17. The Petitioner filed a timely appeal on January 7, 2015. (Exhibit 2).
After a careful review of all of the testimony and documents, I have concluded that the Petitioner is not entitled to prevail in this appeal. She has not met her burden of proving that her “regular and major duties” required her to have the “care, custody, instruction or other supervision of persons who are mentally ill or mentally defective …” as required in order to be classified in G.L. c. 32, § 3(2)(g), Group 2.
Indeed, the Petitioner’s primary responsibilities during her employment, and particularly in the final two (2) years, centered around her rendering direct care to the patients on the Transitional Care Unit. Additionally, the record reflects that she provided this quality care in spades. However, the record is bereft of specific patient information regarding mental health diagnoses as well as the exact amount of time the Petitioner actually spent caring for mental health patients. See Margaret Sheehan v. State Board of Retirement, CR-00-1014 (Division of Administrative Law Appeals August 3, 2001; Contributory Retirement Appeal Board affirmed February 4, 2002) (RN V at Chelsea Soldier’s Home who worked with individuals with secondary diagnoses of PTSD, substance abuse, Alzheimer’s Disease, and, violent behavior disorders properly classified in Group 1. Contributory Retirement Appeal Board affirmed on the grounds that the Petitioner’s work at a Soldier’s Home was “not in the nature of care and custody of the mentally ill.”); compare LuAnn Nowill v. State Board of Retirement, CR-10-820 (Division of Administrative Law Appeals July 21, 2011; Contributory Retirement Appeal Board affirmed May 17, 2012) (Division of Administrative Law Appeals found that Petitioner, an RN II, a non-supervisory position, was assigned to and worked on the geriatric long-term care locked ward “Alzheimer’s/Dementia unit” for each of her entire shifts, a position which was determined to be within the Group 2 parameters.)
While the Petitioner may have had somewhat frequent face to face contact with residents on and off all units, she did not prove that she spent over fifty per cent (50%) or more of her time providing direct care, custody, instruction or other supervision to mentally ill or mentally defective patients. She neither quantified the time she actually spent providing any direct care duties to this patient population nor the diagnoses of those residents for whom she did so during any given day. Further, she did not meet her burden of showing that all of the patients to whom she may have provided direct care from time to time have a primary diagnosis of mental illness or mental retardation. She was a CNA who was assigned to the Transitional Unit, a unit which served, and still serves, many purposes and objectives. Exclusive care of mentally challenged or ill patients is not listed among those objectives. The Petitioner’s testimony did not refute the assertions expressed in the job description, the EPRs, or other related documents.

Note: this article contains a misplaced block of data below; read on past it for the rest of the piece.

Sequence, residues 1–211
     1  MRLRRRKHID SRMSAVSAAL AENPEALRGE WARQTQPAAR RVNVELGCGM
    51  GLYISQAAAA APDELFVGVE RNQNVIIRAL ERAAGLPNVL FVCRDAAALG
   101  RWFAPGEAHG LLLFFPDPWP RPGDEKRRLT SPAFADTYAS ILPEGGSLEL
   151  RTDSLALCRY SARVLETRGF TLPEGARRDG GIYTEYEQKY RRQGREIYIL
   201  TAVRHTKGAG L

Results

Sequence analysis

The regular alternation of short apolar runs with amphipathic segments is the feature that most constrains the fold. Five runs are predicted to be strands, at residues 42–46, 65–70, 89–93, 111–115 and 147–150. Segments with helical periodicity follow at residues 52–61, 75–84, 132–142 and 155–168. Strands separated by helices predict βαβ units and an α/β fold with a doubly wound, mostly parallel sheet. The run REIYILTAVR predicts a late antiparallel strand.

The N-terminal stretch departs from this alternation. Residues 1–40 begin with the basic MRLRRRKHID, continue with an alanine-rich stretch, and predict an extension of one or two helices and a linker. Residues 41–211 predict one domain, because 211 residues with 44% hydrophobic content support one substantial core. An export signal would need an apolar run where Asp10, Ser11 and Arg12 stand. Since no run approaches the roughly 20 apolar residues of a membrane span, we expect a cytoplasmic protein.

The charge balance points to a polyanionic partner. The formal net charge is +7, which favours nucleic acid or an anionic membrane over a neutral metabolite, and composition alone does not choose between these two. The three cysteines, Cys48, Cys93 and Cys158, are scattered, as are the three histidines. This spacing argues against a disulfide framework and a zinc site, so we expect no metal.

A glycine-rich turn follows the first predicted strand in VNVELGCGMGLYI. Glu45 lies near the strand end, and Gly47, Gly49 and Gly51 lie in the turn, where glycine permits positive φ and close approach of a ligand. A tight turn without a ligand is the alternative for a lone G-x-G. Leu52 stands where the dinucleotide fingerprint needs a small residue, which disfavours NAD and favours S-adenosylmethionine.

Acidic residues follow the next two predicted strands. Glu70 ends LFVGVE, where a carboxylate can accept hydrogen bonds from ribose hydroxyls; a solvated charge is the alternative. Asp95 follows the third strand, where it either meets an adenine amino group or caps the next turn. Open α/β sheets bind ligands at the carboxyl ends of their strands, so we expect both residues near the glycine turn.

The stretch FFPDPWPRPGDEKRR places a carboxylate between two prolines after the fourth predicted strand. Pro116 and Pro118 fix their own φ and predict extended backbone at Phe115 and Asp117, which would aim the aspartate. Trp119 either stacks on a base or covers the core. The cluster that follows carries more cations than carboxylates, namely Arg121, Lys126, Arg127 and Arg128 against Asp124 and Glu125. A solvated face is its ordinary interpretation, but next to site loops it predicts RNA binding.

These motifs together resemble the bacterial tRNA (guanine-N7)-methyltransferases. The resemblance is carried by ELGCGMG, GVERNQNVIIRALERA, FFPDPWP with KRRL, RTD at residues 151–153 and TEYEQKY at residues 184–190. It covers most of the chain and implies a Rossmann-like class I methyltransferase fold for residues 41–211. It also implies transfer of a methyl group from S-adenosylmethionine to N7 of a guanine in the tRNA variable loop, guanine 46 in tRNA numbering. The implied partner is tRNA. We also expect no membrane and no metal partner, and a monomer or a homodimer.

While the Petitioner may have cared for several mentally defective or challenged facility residents, some of whom may have been potentially violent, there is no G.L. c. 32, § 3(2)(g) Group 2 criteria that includes employees who face dangerous situations on a routine basis. See Joan McCalla v. State Board of Retirement, CR-07-1040 (Division of Administrative Law Appeals, March 11, 2011.) It is well-settled that exposure to dangerous situations is not a controlling factor in Group 2 eligibility. See Barbara Whitman v. State Board of Retirement, CR-12-169 (Division of Administrative Law Appeals December 14, 2012; no Contributory Retirement Appeal Board Decision.)
Based on the foregoing, the decision of the SBR denying the Petitioner’s request to be classified in Group 2 is affirmed.
Division of Administrative Law Appeals,
DATED: February 16, 2018